Marcus Evans Group | Worldwide Headquarters | American Offices | Latin America | European Offices | African / Asian Offices

Eurozone crisis live: EU summit optimism tested by record unemployment

Eurozone unemployment hits new high
Investec: More Summit bickering
The key points from Monday’s summit
Today’s agenda

11.21am: The latest Greek retail sales data shows that consumer spending continued to take a dive late last year.

Sales by volume fell 8.9% year-on-year in November (details here), continuing a steady decline though 2011.

Platon Monokroussos, economist at Eurobank, told Reuters the data showed that private spending continued to contract as Greeks hunkered down in the face of the recession, adding that:

Increasing unemployment and austerity are likely to continue weighing on disposable incomes and consumer demand in the first months of 2012.

10.44am: Here’s a video clip of David Cameron explaining why he refused to join the fiscal compact, but dropped his opposition to the European court of justice being allowed to police the new rules.

Cameron said it was in Britain’s national interest for eurozone countries to “get on and sort out the mess that is the euro”. He also promised to take “appropriate action” if the new fiscal compact trampled on the single market.

Tory backbenchers aren’t placated, though. Mark Reckless MP told Sky News in the last few minutes that Cameron should hold an “in/out” referendum on Britain’s membership of the European Union.

Reckless also claimed that the European court of justice couldn’t be trusted to enforce the new fiscal rules.

10.29am: News in from Athens where Helena Smith, our correspondent, says Greeks have woken up to the first signs of a faint glimmer of hope.

Greek media are reporting that the long-awaited bond swap between Greece and its private sector creditors will almost certainly be concluded this week and, as one commentator enthused: “on very favourable terms for Greece. The interest rate, we are hearing, on the [new] bonds could be as low as 3%. This is very good news for our country and all of those who have so painstakingly worked on this deal.”

Lucas Papademos, who heads Athens’ interim coalition government, told Greeks at a post-midnight press conference in Brussels, that “everything will, and must, be finished by the end of the week,” referring to the bond swap, known formally as the Private Sector Involvement (PSI), and ongoing negotiations over a second bailout agreement for the country with visiting representatives from the EU, IMF and ECB officially known as the “troika”. That has also brought a sense of relief – not least because every Greek now versed in the minutiae of economics, is acutely aware that both are aimed at making Greece’s €350bn mountain of debt sustatinable.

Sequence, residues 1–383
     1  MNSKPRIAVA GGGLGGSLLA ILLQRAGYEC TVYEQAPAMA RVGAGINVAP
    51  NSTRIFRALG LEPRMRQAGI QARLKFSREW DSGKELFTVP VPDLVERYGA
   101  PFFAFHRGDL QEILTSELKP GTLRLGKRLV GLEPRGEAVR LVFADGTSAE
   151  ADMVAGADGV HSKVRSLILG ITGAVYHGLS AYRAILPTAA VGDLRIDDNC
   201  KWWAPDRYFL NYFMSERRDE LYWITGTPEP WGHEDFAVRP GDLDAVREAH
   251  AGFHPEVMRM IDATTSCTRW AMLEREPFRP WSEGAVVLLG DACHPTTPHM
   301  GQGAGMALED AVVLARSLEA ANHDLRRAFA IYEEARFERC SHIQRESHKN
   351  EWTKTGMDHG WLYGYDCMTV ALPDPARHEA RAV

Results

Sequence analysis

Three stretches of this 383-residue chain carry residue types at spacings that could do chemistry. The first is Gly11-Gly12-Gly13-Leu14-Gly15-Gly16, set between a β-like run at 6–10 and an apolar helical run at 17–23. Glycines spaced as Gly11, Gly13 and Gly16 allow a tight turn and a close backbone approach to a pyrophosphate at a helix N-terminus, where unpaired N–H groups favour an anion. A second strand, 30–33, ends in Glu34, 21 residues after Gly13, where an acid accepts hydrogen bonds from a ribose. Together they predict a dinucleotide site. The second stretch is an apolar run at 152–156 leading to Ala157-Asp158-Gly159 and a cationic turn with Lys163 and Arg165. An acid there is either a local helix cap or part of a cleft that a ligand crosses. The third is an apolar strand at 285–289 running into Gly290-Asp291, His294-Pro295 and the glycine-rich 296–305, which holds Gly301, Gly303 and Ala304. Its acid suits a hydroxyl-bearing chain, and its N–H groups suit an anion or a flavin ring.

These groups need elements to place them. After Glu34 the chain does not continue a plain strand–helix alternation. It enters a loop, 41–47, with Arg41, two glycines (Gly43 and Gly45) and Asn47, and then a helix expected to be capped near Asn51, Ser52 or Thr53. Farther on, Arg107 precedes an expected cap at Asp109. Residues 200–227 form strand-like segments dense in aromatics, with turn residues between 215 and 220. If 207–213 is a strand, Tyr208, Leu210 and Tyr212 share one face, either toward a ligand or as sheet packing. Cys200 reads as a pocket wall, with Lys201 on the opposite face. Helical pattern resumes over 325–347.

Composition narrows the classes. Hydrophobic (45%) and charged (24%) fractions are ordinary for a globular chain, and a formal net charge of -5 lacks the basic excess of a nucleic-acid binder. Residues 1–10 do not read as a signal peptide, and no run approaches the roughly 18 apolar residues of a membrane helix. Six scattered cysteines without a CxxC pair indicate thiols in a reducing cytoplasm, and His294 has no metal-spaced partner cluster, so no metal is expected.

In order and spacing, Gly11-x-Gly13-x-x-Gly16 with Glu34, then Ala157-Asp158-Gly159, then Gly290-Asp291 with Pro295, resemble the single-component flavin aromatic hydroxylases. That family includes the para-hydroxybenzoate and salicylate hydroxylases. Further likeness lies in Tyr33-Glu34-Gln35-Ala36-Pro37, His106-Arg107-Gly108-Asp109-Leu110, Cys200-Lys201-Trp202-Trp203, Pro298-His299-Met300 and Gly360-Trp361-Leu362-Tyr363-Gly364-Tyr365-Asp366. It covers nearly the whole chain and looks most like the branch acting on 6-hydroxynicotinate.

In a nation as proud as Greece, the mass selling daily, Ta Nea, has highlighted the nascent sense of optimism with the headline “The No’s [Nein] killed the commissioner,” referring to the disapproval engendered by a German proposal that an EU commissioner, with veto powers over the Greek
budget, be installed in Athens.

For once the austerity weary nation feels it has won a battle on the frontline of its great economic war.

10.12am: Unemployment data for the whole eurozone has been released, and show that the jobless rate has hit its highest level since the euro was created, at 10.4%.

The number of jobless across the eurozone rose by 20,000 in December, taking the total up to 16.469 million, the eighth successive monthly rise.

Howard Archer of IHS Global Insight warned that the pattern is likely to continue:

Most labour markets are suffering, particularly in Greece, Portugal, Italy and Spain. And French unemployment is moving up worryingly appreciably.

As reported at 9.18am, German unemployment has dropped to its lowest rate in 20 years, while peripheral countries such as Italy are suffering rising unemployment.

9.51am: There’s an interesting tale on the front page of the Financial Times this morning, predicting that the European Central Bank may pump another trillion euros of cheap loans into the banking sector next month.

According to the FT, the €489bn of three-year loans made in December (which are credited with restoring market confidence and pushing down most bond yields), is just the start. Another auction is scheduled for 29 February, and euro banks could ask for twice as much.

“They could do another €1tn easily in February,” said one senior banker. “It could be way more than that if things get worse in the markets.”

€1tn in extra loans would certainly be a worrying sign, suggesting that the European financial system has hit a very sticky patch. A Reuters poll yesterday predicted that the ECB would lend around €325bn.

9.44am: More City reaction, this time from Paul Donovan of Swiss bank UBS. Donovan, like Investec’s Elisabeth Afseth, feels the summit made little progress (that’s via journalist Olly Barratt)

UBS’s Paul Donovan: ‘In line with most euro summits the details will be worked out later.’

— Olly Barratt (@ollybarratt) January 31, 2012

9.33am: David Cameron will make a statement to the House of Commons at 3.30pm today about yesterday’s EU summit.

As my colleague Andrew Sparrow points out in his Politics Live blog, the prime minister “has got some explaining to do” after dropping his objections to the eurozone countries using EU institutions to police their new fiscal union.

Conservative eurosceptics MPs are likely to give their leader a rough ride.

The Daily Mail has already put the boot in – comparing Cameron to John Major – and claiming that he was “sent like a naughty schoolboy to the back of the class” in the family photo….

…. and they may have a point. Cameron is the distant figure on the back row, far right (so to speak).

9.18am: Germany’s unemployment rate has fallen to a new post-unification low. But over in Italy, the unemployment rate has hit its highest level in at least eight years.

Data released in the last few minutes showed that the number of people out of work in Germany fell by a seasonally adjusted 34,000 to 2.85 million in January, a new 20-year low. That cuts the German unemployment rate to 6.7%.